While cross-examining Rapp, defense attorney Jennifer Keller detailed a laundry list of awards Spacey has won over his decades on stage and screen, emphasizing that Rapp has not achieved the same caliber of accolades.
“Do you really expect us to believe you’re not envious [of Spacey’s career]?” Keller asked Rapp. “You wanted to be that person, didn’t you?”
Spacey faces a civil lawsuit brought by Rapp, who says a 26-year-old Spacey assaulted him when he was 14. Rapp testified that he and Spacey first met in 1986 while they were both acting on Broadway. One night, he said, Spacey invited him to a party at his apartment, at the end of which he approached Rapp while he was sitting on a bed, “picked me up like a groom picks up a bride,” and climbed on top of him.
Rapp, best known for his roles in Star Trek: Discovery and the original Broadway cast of Rent, first spoke publicly about the alleged incident in a BuzzFeed News story in 2017. In the days that followed, more than a dozen other people also accused Spacey of sexual misconduct. Among them was Harry Dreyfuss, son of the Oscar-winning actor Richard Dreyfuss, and a production assistant on Netflix’s House of Cards, of which Spacey was the star until he was fired over the numerous allegations against him.
In his testimony, Rapp called the alleged assault “the most traumatic single event” of his life.
Lisa Rocchio, a clinical and forensic psychologist who examined Rapp in January 2021 and testified about her findings, said multiple tests showed he met the criteria for post-traumatic stress disorder. His symptoms were “absolutely” consistent with the effects of childhood sexual abuse, she said.
But Spacey’s lawyers have argued that Rapp made his allegations “to raise [his] profile” and could have faked PTSD symptoms as a way of “gaining sympathy” and respect from his peers.
They also suggested he has used his skills as an actor in order to convince others his trauma is real. Rocchio confirmed Rapp had “tears in his eyes” during points of the psychological evaluation, but Chase Scolnick, another one of Spacey’s lawyers, cast doubt on his emotional response.
“Mr. Rapp, you understand, is an actor, right?” Scolnick asked Rocchio during cross-examination.
Much of the defense’s questioning has surrounded why decades passed before Rapp spoke out publicly about the alleged assault. They particularly emphasized that Rapp didn’t tell his therapist until shortly before his story became public, but Rapp said this was because his appointments were infrequent and focused specifically on his relationship with his now-husband. This wouldn’t actually be unusual, according to Rocchio, who confirmed when asked by Rapp’s lawyers that the “phenomenon of delayed disclosure in cases of childhood sexual abuse” is quite common.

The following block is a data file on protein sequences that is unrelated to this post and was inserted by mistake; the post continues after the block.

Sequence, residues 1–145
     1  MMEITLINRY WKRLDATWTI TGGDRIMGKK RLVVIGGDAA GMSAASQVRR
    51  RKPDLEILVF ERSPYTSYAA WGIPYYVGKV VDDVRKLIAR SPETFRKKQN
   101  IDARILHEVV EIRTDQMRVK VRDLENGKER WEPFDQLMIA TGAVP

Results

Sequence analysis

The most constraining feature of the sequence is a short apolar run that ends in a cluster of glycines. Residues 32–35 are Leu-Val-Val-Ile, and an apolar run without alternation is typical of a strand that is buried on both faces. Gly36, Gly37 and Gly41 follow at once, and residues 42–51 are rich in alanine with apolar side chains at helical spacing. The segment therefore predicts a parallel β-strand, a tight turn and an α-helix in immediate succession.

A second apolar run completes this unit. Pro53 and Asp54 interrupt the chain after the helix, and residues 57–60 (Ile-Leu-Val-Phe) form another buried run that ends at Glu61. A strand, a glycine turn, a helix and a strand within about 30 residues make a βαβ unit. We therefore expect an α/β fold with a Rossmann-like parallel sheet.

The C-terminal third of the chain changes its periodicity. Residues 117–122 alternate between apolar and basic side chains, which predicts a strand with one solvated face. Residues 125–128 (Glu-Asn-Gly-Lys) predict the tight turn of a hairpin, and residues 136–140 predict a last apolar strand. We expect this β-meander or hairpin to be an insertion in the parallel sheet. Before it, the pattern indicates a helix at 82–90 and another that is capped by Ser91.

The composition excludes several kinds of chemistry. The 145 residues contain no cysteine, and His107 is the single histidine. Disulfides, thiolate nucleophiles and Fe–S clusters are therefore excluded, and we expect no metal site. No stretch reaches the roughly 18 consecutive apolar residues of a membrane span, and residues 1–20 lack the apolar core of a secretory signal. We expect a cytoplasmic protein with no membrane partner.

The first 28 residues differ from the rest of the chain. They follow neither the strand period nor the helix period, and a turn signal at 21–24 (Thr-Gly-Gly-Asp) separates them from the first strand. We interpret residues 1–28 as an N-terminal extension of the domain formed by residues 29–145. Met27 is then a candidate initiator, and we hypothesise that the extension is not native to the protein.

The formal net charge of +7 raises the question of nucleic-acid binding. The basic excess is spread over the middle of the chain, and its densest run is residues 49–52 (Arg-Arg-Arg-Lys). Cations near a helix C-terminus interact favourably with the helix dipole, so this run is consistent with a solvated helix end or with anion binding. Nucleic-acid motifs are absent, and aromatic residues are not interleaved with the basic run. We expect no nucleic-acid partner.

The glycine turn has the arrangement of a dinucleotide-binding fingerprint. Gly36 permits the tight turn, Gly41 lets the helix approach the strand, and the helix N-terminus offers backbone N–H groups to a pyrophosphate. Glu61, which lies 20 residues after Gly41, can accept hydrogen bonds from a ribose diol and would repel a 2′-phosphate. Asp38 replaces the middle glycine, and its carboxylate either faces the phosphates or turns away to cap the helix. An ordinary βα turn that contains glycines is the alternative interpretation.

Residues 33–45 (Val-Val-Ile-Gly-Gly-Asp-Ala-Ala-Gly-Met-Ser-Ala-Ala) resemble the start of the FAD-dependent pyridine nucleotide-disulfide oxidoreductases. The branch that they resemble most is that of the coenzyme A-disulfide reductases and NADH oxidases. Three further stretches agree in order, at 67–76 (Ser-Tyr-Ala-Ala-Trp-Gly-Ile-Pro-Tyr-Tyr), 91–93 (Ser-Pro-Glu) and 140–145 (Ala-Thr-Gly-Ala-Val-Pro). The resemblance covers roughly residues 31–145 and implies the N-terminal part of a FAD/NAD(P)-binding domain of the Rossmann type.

Over the years, Rapp disclosed the allegations to numerous friends and family members, several of whom were deposed ahead of the trial. Christopher Hart, Rapp’s close friend from middle and high school, testified that Rapp told him about it at a sleepover just weeks after it occurred.
In an April court filing, Spacey “categorically” denied Rapp’s allegations, calling them “absolutely false” and stating that he “never had a sexual encounter with Mr. Rapp.”
But in a statement immediately after Rapp’s 2017 accusation, Spacey did not deny the incident had occurred but said he does not remember it and apologized to Rapp.
“I’m beyond horrified to hear this story,” Spacey said at the time. “I honestly do not remember the encounter, it would have been 30 years ago. But if I did behave then as he describes, I owe him the sincerest apology for what would have been deeply inappropriate drunken behavior and I am sorry for the feelings he describes having carried with him all these years.”
Spacey also came out as gay in his statement, saying Rapp’s allegations had encouraged him “to address other things about [his] life.” Many criticized the announcement, saying Spacey was using it to deflect from the allegations against him.
The court adjourned late Thursday afternoon and is expected to reconvene on Monday.
Earlier on Thursday, the trial was nearly thrown into chaos after Spacey’s defense team revealed that Keller, one of the attorneys, had tested positive for COVID-19. Judge Lewis A. Kaplan considered tabling proceedings for several days until Keller’s close contacts — who included all of Spacey’s legal team, the jury, and Spacey himself — were confirmed to not be infected. But since all of the contacts said they were fully vaccinated, Kaplan said the case could continue as long as they all wore masks and provided the results of two COVID-19 tests to the court.